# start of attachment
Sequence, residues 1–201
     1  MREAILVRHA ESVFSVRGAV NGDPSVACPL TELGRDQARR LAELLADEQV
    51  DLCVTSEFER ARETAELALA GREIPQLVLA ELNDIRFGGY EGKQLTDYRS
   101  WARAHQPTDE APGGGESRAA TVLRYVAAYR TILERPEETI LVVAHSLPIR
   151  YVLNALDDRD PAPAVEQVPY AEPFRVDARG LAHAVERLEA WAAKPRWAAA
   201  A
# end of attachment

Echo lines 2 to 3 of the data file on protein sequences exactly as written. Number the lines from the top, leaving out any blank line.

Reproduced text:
     1  MREAILVRHA ESVFSVRGAV NGDPSVACPL TELGRDQARR LAELLADEQV
    51  DLCVTSEFER ARETAELALA GREIPQLVLA ELNDIRFGGY EGKQLTDYRS